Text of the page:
This is an EU and US requirement and given that sulphur is produced naturally when grape juice is fermented into wine you won’t find many bottles without this written on the label (10 parts per million is the cut-off point).
Sulphur is used as a spray in the vineyard to ward off fungal diseases and is especially useful for organic growers so there is nothing unnatural in sulphur itself (Irish farmers use sulphur dioxide to prevent potato blight).
More significantly sulphur-dioxide is added at the racking stage prior to bottling to prevent oxidation and bacterial growth which can cause wine faults (eg vinegary, volatile acidity and sweaty saddle smelling brettanomyces).
If you are sensitive to sulphur (fewer than 1% of us are) then you should watch for ‘no added sulphur’ information, but be warned that these may taste a little different.
There is an increasing number of winemakers that do not add sulphur at this final stage and believe that not doing so preserves the purity of the wine and that sulphur dampens down some of the natural flavours.
The downside is that immaculate cleanliness and finely honed winemaking skills are required or the wine’s flavour will suffer in the short and particularly, long term.
The ‘natural’ wine movement generally eschews sulphur (or reduces its use considerably) and I confess I find some of these natural wines undrinkable.
However, from a good producer you should find that the wines have purer fruit flavours, if perhaps less freshness.
Natural winemakers would argue that adding sulphur at the racking stage is a 20th century innovation and we need to re-learn how to make wine without sulphur.
The Romans used sulphur in winemaking it is believed, but not in the way that it is used by modern winemakers.
Most of this week’s wines have minimal sulphur or no added sulphur (the exception is the Laurent Miquel which you might try for comparison purposes).
The Dunnes wines will be at the below prices from April 5.
This is a bargain price which is available in Dunnes Stores from next
Tuesday as part of their annual Mediterranean promotion.
Dark purple hues, blackcurrant and black cherry aromas, solid and fruity on the palate with a touch of black wine gums on the finish.
Organic wine from the hands of former French International rugby player Gerard Bertrand whose wines have featured here before.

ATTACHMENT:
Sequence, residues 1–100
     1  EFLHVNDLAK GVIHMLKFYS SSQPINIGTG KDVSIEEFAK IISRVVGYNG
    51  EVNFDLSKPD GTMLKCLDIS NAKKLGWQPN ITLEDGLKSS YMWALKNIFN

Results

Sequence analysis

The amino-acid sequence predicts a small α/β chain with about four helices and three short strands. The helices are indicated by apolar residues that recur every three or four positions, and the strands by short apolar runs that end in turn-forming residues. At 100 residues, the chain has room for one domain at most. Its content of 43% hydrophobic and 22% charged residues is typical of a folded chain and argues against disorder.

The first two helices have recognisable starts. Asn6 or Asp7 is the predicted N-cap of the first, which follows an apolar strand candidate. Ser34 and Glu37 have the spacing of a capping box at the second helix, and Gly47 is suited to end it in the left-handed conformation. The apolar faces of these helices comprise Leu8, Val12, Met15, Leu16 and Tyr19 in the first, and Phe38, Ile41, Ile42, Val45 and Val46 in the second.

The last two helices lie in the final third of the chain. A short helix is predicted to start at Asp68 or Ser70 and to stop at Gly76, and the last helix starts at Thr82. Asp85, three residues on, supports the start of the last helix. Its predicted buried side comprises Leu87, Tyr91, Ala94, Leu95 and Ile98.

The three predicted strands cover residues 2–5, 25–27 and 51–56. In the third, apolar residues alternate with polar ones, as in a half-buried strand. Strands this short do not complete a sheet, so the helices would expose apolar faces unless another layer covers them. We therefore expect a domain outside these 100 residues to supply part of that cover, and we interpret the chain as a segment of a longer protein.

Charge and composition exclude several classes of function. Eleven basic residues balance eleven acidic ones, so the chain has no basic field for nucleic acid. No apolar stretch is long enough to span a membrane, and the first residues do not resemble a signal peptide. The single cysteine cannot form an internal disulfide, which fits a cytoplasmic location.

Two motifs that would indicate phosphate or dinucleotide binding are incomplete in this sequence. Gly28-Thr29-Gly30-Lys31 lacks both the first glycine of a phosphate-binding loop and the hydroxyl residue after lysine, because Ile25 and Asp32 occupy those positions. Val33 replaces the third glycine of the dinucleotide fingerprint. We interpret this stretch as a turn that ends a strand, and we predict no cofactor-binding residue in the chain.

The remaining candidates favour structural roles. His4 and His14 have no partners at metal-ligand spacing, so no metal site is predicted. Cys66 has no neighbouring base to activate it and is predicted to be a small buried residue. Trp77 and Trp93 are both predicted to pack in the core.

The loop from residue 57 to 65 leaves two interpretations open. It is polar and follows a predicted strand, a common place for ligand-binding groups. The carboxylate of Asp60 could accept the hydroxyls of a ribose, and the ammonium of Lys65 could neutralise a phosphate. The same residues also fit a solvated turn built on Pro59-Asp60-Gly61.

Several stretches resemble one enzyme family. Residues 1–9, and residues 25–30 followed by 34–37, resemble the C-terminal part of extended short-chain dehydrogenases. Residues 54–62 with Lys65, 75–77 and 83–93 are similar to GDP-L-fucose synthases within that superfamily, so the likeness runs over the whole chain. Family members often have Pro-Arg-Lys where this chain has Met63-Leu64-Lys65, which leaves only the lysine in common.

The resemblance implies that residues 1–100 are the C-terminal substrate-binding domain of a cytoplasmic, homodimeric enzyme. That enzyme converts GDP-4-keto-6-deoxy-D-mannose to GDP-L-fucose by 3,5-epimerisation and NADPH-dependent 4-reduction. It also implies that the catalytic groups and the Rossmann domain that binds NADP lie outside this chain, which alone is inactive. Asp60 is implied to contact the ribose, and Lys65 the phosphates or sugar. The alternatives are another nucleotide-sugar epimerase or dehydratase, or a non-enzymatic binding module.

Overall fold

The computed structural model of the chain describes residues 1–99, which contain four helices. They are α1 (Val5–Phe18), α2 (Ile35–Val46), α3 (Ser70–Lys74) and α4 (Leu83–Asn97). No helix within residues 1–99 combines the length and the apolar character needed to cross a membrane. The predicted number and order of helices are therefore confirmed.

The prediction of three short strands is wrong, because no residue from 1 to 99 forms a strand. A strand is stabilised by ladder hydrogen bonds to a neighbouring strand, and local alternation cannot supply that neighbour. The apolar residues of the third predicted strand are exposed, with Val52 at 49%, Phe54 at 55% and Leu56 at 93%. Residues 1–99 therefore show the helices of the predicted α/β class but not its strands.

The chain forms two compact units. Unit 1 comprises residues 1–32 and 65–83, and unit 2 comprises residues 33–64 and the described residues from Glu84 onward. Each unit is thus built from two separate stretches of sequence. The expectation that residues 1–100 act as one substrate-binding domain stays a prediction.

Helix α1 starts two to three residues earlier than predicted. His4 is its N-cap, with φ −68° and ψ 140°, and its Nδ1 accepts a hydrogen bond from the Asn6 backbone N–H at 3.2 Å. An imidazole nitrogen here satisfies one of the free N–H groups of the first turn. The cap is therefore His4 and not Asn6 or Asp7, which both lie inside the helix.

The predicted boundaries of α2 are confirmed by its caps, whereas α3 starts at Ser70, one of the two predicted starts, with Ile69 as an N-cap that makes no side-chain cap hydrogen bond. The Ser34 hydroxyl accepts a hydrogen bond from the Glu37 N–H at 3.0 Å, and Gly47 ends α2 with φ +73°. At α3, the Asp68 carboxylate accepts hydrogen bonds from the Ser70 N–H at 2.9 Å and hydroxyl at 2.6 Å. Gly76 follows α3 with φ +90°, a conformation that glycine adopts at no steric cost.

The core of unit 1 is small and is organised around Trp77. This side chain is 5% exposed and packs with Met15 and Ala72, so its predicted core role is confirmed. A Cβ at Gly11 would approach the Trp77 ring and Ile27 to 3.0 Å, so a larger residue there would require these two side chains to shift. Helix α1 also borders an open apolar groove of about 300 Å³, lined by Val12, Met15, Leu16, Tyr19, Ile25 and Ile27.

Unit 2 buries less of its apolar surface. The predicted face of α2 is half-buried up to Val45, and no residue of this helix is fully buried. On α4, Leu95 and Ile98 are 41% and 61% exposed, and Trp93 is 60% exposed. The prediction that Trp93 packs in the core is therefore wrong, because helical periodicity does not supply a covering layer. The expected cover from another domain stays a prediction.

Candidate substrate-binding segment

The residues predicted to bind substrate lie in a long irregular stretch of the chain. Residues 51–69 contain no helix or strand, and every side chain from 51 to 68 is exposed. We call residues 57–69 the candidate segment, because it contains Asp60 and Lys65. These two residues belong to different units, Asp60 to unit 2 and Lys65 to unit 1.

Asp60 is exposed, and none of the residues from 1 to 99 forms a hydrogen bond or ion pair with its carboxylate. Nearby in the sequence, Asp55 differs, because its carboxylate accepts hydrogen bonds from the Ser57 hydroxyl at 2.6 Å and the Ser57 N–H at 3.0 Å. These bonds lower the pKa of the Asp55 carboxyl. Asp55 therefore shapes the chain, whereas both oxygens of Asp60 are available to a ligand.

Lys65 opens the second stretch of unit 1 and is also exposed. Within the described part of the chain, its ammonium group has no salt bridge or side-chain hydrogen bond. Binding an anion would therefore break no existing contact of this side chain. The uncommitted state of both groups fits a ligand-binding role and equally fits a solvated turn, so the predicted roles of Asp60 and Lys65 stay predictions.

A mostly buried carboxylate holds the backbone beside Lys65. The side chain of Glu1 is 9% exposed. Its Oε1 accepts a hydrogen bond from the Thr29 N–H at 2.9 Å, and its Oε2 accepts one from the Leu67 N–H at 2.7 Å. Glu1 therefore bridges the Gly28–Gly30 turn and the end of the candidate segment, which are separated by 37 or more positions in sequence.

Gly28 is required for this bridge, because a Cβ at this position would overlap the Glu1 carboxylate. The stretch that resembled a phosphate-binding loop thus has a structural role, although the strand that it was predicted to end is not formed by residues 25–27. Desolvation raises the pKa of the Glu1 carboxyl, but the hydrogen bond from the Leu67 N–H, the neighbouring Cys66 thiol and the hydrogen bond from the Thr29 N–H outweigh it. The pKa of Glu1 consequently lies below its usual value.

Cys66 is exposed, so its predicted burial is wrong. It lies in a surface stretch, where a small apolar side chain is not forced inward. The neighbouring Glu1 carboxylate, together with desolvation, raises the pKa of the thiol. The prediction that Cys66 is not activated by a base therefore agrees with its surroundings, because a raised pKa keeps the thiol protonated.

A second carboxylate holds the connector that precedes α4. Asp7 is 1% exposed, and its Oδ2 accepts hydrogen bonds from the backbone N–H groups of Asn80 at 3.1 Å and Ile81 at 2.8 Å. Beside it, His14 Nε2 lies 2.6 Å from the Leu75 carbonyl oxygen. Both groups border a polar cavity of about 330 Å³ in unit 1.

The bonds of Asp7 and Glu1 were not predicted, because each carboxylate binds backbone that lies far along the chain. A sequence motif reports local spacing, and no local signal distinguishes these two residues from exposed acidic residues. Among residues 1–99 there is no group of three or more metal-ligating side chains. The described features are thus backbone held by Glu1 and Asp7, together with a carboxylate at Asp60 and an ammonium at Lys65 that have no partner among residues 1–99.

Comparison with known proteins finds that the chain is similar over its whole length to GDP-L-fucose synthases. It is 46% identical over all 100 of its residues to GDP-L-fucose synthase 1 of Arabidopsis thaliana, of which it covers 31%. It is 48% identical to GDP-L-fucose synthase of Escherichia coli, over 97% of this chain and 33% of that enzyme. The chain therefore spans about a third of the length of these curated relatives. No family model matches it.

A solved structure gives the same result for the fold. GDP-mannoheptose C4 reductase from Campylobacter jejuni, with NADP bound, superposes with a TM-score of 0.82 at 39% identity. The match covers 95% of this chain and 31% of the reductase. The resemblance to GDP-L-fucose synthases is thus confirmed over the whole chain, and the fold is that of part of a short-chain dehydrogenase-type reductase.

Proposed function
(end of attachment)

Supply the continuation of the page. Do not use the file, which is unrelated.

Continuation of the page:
This is made without added sulphur (no easy thing) and has pleasing light blackberry fruit aromas and some structured darker flavours on the palate.
Once again this is organic and made without added sulphur and seems to have suffered no ill effect showing fine pure pear and lemon drop aromas with more pear and a hint of lemon candy on the palate and a fine fresh finish.
This is light enough to serve as an aperitif but would also work well with a big bowl of mussels.
O’Donovans Cork, Quay Co-Op, Organico in Bantry, www.marypawlewines.com
Albet i Noya wines from Penedès appeared here before and in general their wines do contain sulphur but this is their non-sulphite version made from the Cava grape Xarel-lo.
Apple, tropical aromas with floral touches, citrus and soft apple with some structure and freshness on the palate.
O’Donovans Cork, Fields Skibbereen, Mortons Galway, Clontarf Wines
While this does contain some sulphur it is kept to a bare minimum and the grapes are grown organically and sustainably. This has Chardonnay,
Sauvignon and Xarel-lo and has fine ripe pear and melon aromas with a hint of tropical fruit — crisp and fresh on the palate with fresh clean pear flavours. A perfect Spring wine.
Ballymaloe Cookery School, Corkscrew, Le Caveau Kilkenny www.lecaveau.ie
This is a purely natural Prosecco and will taste considerably different to what you would expect from inexpensive supermarket Prosecco (a good thing!).
Ferment happens in the bottle (normally Prosecco is tank fermented) and this is packed with floral and light peach and yeast aromas, a light tropical fruit-tinged fizz with a touch of minerality and fine-balanced freshness.